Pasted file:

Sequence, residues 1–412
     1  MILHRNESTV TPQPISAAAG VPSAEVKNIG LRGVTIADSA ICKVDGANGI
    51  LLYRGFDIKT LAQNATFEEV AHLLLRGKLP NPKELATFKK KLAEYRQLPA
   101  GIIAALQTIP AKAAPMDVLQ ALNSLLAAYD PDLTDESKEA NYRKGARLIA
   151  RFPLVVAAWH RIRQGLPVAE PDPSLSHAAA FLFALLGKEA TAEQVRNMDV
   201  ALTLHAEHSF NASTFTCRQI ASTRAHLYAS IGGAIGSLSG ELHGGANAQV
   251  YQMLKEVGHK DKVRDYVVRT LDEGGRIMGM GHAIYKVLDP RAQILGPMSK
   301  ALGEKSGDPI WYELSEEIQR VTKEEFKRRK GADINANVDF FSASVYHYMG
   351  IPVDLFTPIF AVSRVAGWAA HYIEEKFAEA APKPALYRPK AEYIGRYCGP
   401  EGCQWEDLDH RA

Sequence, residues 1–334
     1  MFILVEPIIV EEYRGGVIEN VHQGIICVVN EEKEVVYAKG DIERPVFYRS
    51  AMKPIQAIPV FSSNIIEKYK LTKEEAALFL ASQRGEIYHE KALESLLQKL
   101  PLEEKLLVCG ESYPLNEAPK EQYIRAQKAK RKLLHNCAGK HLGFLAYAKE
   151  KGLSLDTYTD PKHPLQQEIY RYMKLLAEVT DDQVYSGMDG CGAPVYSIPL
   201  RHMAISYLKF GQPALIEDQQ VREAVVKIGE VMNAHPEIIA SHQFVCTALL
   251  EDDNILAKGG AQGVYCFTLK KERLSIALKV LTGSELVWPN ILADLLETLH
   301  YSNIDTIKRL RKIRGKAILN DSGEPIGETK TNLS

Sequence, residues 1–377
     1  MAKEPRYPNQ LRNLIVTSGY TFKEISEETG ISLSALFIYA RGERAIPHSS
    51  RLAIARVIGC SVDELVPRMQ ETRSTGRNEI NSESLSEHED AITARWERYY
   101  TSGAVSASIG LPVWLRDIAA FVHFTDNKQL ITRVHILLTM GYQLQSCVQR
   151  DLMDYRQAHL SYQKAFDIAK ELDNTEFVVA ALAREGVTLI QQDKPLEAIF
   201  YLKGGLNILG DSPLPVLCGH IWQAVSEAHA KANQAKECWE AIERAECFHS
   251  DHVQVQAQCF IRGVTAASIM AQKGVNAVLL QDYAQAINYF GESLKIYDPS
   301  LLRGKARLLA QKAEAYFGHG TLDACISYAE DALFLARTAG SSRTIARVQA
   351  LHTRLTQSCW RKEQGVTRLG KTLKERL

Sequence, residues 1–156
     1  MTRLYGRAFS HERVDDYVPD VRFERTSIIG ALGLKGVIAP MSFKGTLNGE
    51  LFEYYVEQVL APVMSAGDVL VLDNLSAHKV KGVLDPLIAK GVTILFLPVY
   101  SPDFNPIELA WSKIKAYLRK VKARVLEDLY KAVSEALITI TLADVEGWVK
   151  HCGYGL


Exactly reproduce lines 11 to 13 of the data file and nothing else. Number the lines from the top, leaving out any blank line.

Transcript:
Sequence, residues 1–334
     1  MFILVEPIIV EEYRGGVIEN VHQGIICVVN EEKEVVYAKG DIERPVFYRS
    51  AMKPIQAIPV FSSNIIEKYK LTKEEAALFL ASQRGEIYHE KALESLLQKL